Capstone Reports Minto Mine Connected to Yukon Electrical Gridadmin
Capstone Mining Corp. announced that its Minto copper-gold mine in the Yukon was officially connected to Yukon Energy’s electrical grid at a ceremony attended by the Premier of the Yukon, the Minister of Economic Development, the Minister of Energy Mines & Resources and Stephen Quin, President & COO of Capstone.
“Connection to Yukon Energy’s electrical grid represents the culmination of a two-year cooperative effort between the Minto Mine, Yukon Energy, Yukon Government and the three First Nations along the path of the transmission line: Little Salmon Carmacks First Nation, Selkirk First Nation and Na-Cho Nyak Dun,” said Stephen Quin, President & COO of Capstone Mining. “The economic benefits of this project are widespread, with the construction effort having generated employment and opportunities for Yukon citizens and businesses and, now the grid is connected, lower energy costs are helping to enhance the economic viability of the Minto Mine, the elimination of fuel purchases for power generation is keeping significant dollars within the Yukon economy, increased power sales of surplus hydro energy for Yukon Energy is supporting a recent application for reduced electricity rates to Yukoners while Yukon’s electrical infrastructure is being enhanced, increased margins for the Minto Mine are increasing the tax and royalty base for Yukon and Selkirk First Nation as deductible expenses are reduced, and the Minto Mine and community of Pelly Crossing have been taken off diesel generated power, thereby significantly reducing greenhouse gas emissions.”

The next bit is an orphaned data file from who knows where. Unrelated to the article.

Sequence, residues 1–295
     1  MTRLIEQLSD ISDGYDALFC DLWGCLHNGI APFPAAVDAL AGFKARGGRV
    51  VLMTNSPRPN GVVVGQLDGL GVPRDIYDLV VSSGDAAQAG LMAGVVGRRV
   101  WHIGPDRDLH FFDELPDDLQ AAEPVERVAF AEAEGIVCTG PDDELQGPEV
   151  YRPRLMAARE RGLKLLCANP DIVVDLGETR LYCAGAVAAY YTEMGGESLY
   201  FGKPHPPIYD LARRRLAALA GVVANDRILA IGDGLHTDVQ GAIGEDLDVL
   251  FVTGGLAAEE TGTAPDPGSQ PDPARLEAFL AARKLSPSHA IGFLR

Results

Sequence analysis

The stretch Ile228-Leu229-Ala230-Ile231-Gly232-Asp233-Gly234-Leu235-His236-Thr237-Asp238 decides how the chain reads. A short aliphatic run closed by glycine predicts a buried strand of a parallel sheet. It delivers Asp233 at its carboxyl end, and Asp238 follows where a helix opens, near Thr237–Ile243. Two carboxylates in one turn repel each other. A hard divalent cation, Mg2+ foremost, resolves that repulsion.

Electrical Grid Connection
The connection of the Minto Mine to Yukon Energy’s electrical grid completes a two-year process whereby the Minto Mine and Yukon Government made contributions toward the capital cost of extending the Yukon Electrical grid approximately 80km north from Carmacks to Minto Landing, and also involving the construction of three substations and a 27km dedicated spur line from Minto Landing to the Minto Mine at Minto’s cost. “During this two-year period, the grid extension concept was conceived, negotiated, agreed, designed, assessed, permitted, approved, funded, constructed and commissioned,” said Mr. Quin. “Considering this process involved Minto, Yukon Energy, Yukon Government, three First Nations, the Yukon Utilities Board and Yukon’s first executive committee screening under the Yukon Environmental and Socio-economic Assessment Act, this timing is a reflection of the willing and supportive efforts by all parties, without which this rapid progress would not have been possible.”